After another fifteen-minute ride through the dark jungle the trees got thinner and then we saw it. It stood in the middle of a plain and it indeed looked scary. Its dark ragged silhouette with unnaturally twisted branches stood erect against a moonlit sky. We could see immediately, though, that it was not any to the science unknown man-eating tree but a plain baobab.

It is a rare tree that grows only on Madagascar but except its unusual appearance and ability to live extremely long, it is not mysterious in any way. It is not anywhere near to being dangerous to humans, further more to eating them.
The death of a man whose body had been allegedly found here recently torn into pieces we explained as an attack of the tree's worshipers and the sacred territory guards who had threatened us too.

It was getting close to midnight and strange screams and voices started coming from the forest around us. And the cause of the noise was not probably only the harmless lemurs as both Pascal and our Malagasy driver got nervous. It was about time we got out of there.

Finally on the trace

"Among the devil trees that we worship are also those that can really kill a man and sometimes even on a long distance," told us a white-haired old man from a little village.

"How is that possible?" we wondered.

"Go to the Kinkony lake and there you will learn their secret," he said with a mysterious smile.

The journey there was awful: deep holes, huge rocks and unbelievably steep slopes. In the Ananalava village that had a few reed-roof huts we were welcomed by a throng of villagers who enveloped us and pairs of black hands started touching us with a curiosity. There probably had not been many whites before us.

When Pascal asked them about the devil trees their faces turned into stone, though. And so we unpacked our presents: cheap costume jewellery, T-shirts and pens. In a moment everything was back to normal and the natives started their tales.

The trees are called kumanga and are really very dangerous. They don't eat humans or animals but they are so poisonous that they can kill even on a long distance. Especially when they are blooming. A cloud of poisonous air from the blossoms can extent fairly far in a calm. Birds that sit among their leaves fall dead to the ground and animals that want to hide in the trees' shade die instantly.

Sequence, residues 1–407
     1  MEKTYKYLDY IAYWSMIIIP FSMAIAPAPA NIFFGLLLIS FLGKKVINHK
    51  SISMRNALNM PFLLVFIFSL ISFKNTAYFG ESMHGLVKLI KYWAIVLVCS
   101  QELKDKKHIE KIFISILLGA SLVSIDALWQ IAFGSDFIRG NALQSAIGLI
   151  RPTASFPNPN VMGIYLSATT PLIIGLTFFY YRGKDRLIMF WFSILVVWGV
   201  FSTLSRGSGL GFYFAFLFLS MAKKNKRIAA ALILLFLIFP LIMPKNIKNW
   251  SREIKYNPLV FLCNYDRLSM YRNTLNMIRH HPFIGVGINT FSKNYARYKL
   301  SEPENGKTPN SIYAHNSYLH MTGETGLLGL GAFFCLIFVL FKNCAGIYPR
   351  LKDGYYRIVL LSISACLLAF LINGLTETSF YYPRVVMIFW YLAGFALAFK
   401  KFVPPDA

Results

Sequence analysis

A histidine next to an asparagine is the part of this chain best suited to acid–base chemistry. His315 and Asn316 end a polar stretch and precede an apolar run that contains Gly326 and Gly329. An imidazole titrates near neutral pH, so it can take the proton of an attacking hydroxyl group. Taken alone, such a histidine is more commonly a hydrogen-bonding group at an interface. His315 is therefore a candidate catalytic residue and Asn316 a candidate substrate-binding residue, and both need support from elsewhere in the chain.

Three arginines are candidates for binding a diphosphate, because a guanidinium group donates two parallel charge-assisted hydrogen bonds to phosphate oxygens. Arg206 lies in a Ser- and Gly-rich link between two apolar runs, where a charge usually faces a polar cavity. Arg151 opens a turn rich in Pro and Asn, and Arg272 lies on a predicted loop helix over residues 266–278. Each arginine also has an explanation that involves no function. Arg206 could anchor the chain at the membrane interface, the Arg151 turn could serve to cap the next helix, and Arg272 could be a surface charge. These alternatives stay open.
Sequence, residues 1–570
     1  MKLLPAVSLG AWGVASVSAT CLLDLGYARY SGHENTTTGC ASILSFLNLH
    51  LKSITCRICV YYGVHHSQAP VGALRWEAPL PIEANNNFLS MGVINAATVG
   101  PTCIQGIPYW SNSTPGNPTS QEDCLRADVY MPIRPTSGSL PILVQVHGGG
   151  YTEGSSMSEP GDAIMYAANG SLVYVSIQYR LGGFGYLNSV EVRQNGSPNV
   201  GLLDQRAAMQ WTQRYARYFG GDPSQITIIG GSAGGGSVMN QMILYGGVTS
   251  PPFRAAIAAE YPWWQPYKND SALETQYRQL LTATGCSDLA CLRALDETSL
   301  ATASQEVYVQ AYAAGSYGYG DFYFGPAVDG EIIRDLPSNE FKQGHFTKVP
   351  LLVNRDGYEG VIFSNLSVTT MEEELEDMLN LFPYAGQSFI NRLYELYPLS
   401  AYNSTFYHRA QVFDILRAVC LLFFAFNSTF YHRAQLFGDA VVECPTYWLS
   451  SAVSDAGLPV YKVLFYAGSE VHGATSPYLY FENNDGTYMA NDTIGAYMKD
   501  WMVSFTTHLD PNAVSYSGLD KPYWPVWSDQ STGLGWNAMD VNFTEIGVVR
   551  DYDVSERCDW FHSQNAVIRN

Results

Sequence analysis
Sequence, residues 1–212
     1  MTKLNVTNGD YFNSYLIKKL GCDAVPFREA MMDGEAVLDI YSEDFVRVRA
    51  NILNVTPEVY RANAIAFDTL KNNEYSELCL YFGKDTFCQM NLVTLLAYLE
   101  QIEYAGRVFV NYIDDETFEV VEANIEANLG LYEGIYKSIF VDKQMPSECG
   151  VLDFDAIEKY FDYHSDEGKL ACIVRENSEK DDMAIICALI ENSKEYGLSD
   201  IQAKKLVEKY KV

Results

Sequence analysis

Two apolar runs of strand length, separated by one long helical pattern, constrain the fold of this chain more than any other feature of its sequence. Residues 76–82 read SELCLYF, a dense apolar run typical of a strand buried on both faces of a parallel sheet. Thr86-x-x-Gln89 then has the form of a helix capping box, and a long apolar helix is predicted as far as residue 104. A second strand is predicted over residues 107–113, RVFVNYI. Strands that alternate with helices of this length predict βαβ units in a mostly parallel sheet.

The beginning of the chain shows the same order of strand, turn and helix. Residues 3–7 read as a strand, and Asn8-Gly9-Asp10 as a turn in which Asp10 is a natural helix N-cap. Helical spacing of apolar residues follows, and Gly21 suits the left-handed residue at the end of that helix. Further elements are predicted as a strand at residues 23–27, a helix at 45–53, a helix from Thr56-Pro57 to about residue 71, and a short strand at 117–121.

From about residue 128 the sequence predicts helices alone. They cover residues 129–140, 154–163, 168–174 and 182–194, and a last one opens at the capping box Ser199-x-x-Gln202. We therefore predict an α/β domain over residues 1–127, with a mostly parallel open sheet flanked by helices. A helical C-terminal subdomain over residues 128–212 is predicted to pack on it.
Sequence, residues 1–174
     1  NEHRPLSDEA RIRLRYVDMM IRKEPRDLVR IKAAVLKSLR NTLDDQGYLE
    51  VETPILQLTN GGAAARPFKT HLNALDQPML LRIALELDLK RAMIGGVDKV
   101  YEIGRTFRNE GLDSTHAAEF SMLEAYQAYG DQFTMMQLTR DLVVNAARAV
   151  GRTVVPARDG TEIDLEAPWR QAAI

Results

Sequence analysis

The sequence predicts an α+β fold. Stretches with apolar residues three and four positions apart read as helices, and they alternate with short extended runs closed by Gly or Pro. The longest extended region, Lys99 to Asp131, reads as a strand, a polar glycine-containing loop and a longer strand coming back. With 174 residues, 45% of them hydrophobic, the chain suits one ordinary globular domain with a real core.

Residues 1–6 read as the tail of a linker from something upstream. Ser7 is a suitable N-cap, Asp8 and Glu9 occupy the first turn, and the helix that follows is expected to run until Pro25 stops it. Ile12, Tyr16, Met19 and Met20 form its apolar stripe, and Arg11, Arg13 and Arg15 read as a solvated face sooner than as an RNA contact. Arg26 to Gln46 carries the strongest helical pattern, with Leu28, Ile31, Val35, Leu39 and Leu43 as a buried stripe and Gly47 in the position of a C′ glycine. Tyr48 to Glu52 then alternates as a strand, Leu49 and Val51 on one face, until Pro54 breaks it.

Our photographer Jiri Skupien showed a sceptical smile on his face. A man standing right next to him noticed the grin and nodded: "Many doubting Thomases already paid for their haughty carelessness. Demonstrating their bravery they smelled the blossoms and in a moment they lost their consciousness."

It occurred to me that perhaps the occasional discoveries of skeletons of people who had lain down in the shade of the poisonous tree made some of the locals think that the tree had trapped its victim, ate it and then spat out the skeleton.

When we asked them to take us to the nearest kumanga they were shaking their heads, warning us not to go there. It might not end well. We tried to explain to them that we had come here from a far away country just because of those trees and that we knew a way to protect ourselves from them. That was actually true. Our expedition diver Danny Mackerle wanted to use his mask and breathing apparatus to get with camera all the way to the dangerous tree. We pulled out more presents and after a while a young man climbed into our car. He decided he would take us to the tree after all.

Under branches of green killer

A sandy road winds through thick green bushes and a couple of times we have to turn on the four-wheel drive to get through. The car keeps on digging through the sand until we finally have to get out and walk. We apace take a few gulps of warm water, throw our backpacks on and go. Already on the way, the villager gives us our last lesson. When we are near the tree we cannot eat or drink. Unfortunately he does not know whether it is blooming right now or not. He has not been there in a while. We are burning with impatience and again discuss our strategy in approaching the tree once we get there.

And then finally we are there. Kumanga's green top is peeking behind a group of palm trees. If we were on our own we probably could not find it. I take my binoculars out and scan the tree's branches. I can't see any blossoms, which means there is no immediate danger. We are carefully coming closer while sniffing the air. The air is clean; no trace of any smell. The mask can stay in the backpack. There are two bird carcasses decomposing under the tree and spine vertebrae are sticking out of a turtle shell lying nearby. I would like to find skeletons of bigger animals but no luck. Maybe their instinct warned them in time.